I try not to bring current events into my writings on prayer. That said, I feel compelled to discuss some recent events in light of a growing trend–instant and polarizing reactions to small events, petty arguments, and even non-events.
Recently, a celebrity–one whose entire career has been predicated on her whining, hateful, politically incorrect rhetoric–was fired and her TV show cancelled over a single “tweet” she sent making fun of a former White House employee. The TV show in question was a regurgitation of her popular sitcom from 30 years ago; a show that was controversial then because of its irreverence and foul language. The new show quickly invited controversy by seeming to support the current president– also known for making offensive and cringe-worthy tweets.
There is more than enough finger-pointing, blame-sharing, and shaming in the wake of this incident–but there is even more hypocrisy. The people who are celebrating in the wake of this comedienne’s downfall are the very ones who were supporting her three decades ago– then she was “bold” and “brave” and “real.” These same people were likely watching the new version of the TV show just last week. Now she is “racist” and “abhorrent” (I guess the word “hateful” is suffering from overuse, and needs a stand-in– it was used in at least two of the tweets from her boss and colleagues) and “unacceptable”. The people who are defending her now were the ones calling for boycotts of her show in the late ’80s for its flippant tone and dysfunctional family morals. They are calling for more shows to be cancelled– shows they still watch; shows they discuss freely on social media; or maybe shows they don’t watch, because their friends tell them how they should react to what they’ve missed.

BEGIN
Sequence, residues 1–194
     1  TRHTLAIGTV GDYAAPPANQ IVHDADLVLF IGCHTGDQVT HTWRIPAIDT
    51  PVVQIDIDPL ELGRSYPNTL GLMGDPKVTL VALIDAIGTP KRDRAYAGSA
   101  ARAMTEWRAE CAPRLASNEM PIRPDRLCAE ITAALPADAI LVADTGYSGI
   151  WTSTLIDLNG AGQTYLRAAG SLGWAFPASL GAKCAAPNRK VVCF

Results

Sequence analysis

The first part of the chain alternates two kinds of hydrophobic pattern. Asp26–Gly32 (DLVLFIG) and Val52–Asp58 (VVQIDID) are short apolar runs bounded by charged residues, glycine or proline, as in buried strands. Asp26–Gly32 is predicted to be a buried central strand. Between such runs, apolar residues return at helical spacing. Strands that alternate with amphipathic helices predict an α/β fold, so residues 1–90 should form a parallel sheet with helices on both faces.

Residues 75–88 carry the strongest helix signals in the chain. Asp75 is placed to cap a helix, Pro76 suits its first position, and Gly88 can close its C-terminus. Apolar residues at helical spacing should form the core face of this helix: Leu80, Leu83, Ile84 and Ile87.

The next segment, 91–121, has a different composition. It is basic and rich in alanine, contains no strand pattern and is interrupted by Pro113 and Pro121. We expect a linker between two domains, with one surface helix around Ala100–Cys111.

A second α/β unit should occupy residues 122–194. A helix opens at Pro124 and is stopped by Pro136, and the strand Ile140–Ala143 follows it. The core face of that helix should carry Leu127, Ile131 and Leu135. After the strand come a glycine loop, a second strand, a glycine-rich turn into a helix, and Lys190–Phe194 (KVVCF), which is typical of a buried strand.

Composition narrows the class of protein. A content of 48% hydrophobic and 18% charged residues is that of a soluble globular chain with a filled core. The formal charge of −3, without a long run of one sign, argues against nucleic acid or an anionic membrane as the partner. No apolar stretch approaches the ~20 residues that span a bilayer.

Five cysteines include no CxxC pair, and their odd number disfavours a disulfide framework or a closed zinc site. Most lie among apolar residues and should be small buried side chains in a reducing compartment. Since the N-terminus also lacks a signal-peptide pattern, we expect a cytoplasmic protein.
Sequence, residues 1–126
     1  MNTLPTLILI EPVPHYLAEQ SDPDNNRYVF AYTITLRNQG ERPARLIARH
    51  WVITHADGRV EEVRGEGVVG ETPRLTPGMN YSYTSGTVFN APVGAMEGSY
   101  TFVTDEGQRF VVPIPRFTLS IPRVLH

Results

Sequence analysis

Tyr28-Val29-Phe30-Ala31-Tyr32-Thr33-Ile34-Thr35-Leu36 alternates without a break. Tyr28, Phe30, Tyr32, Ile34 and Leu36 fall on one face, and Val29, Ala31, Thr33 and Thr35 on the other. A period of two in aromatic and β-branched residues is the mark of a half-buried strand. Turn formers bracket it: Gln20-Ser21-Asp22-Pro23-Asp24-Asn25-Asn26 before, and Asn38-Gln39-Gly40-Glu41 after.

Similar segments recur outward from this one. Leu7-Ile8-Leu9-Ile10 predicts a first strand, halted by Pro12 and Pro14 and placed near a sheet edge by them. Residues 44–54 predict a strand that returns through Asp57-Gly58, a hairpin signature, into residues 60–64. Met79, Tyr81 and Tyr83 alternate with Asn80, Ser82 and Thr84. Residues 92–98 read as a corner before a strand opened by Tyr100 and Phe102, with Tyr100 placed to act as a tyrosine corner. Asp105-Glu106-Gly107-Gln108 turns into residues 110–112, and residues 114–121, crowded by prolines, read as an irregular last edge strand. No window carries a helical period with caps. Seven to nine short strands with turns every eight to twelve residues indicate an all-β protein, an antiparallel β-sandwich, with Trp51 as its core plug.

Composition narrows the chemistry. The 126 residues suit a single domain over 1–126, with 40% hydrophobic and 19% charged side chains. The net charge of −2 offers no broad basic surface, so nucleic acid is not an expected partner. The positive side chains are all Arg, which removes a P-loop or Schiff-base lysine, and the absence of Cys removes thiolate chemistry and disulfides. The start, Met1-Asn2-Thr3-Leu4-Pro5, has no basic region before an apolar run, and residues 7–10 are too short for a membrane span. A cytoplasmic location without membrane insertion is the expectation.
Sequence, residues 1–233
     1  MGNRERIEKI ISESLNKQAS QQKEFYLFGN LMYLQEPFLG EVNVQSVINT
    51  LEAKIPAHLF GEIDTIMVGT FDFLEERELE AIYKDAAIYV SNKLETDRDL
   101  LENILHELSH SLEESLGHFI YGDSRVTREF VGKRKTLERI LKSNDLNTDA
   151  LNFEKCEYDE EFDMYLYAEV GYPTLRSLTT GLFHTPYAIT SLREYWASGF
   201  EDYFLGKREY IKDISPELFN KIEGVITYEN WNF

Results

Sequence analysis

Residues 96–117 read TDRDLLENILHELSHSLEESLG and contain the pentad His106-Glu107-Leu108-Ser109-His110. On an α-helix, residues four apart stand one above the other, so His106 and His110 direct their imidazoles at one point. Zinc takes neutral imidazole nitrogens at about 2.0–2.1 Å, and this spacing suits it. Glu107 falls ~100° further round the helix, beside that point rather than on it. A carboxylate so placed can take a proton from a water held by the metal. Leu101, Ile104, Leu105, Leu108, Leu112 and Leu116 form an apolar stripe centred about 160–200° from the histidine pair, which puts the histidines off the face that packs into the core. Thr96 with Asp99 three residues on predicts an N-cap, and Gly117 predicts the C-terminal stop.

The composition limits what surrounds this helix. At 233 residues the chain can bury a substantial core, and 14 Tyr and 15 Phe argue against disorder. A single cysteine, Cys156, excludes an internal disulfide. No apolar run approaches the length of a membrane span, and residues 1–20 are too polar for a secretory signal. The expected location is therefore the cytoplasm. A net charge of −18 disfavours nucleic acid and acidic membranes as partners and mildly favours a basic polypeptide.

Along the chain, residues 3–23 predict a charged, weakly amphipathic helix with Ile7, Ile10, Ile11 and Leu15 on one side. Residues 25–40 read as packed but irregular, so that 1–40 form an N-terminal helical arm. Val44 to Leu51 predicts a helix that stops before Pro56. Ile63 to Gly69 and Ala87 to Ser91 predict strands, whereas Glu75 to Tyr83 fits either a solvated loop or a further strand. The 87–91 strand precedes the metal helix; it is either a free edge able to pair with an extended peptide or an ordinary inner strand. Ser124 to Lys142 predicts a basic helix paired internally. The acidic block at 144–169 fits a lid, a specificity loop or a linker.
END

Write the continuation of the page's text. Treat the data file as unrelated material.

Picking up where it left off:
My point is that controversies and “outrages” like this are becoming more common, more polarizing, and more hypocritical every week. In the rush to judgment, we are losing our focus and missing the bigger picture. What this comedienne said was offensive– it was juvenile, personal, hurtful. It wasn’t funny, it wasn’t appropriate, and it wasn’t fair. But it also wasn’t shocking. The reprisal was swift and harsh, but that wasn’t really shocking, either, except in the context of the show’s success (it was the highest rated show of the season). In the days and weeks that follow, some will regret that this action left dozens of other actors and staff without jobs, and others will cry foul at those who continue to “get away” with bad behavior and hurtful language. But few of us will turn the spotlight on our own faults, our own use of social media or hateful language, or our own contributions to the cut-throat culture that surrounds us.
Before I cheer or protest or react to this recent event, I want to ask forgiveness–for losing my focus. I invited that TV show into my living room, along with those characters and their skewed values. I watched video clips of interviews and failed attempts at the National Anthem and other scandals, and I chuckled. I clicked on the news stories about the sitcom “reboot”, and considered watching it because it would be controversial– something to talk about, yell about, or laugh at. And I clicked on the “news” of this comedienne’s downfall, consuming it like popcorn, and being entertained by the fallout.
Forgive me, Father, and restore my focus. Create a clean heart in me, and be my pure vision. Help me to stop pointing fingers at others and point others to you.
Hebrews 12:1-2 New International Version (NIV)
12 Therefore, since we are surrounded by such a great cloud of witnesses, let us throw off everything that hinders and the sin that so easily entangles. And let us run with perseverance the race marked out for us, 2 fixing our eyes on Jesus, the pioneer and perfecter of faith. For the joy set before him he endured the cross, scorning its shame, and sat down at the right hand of the throne of God.